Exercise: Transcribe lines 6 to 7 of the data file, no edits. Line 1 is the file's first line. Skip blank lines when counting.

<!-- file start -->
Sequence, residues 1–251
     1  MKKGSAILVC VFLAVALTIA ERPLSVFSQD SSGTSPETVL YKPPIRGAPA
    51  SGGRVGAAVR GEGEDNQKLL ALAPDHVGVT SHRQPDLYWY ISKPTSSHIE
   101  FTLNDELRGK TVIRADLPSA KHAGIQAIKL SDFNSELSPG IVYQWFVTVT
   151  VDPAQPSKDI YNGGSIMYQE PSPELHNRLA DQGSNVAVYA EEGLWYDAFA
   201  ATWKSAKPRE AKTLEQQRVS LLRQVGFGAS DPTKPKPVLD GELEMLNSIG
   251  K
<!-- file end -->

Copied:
   201  ATWKSAKPRE AKTLEQQRVS LLRQVGFGAS DPTKPKPVLD GELEMLNSIG
   251  K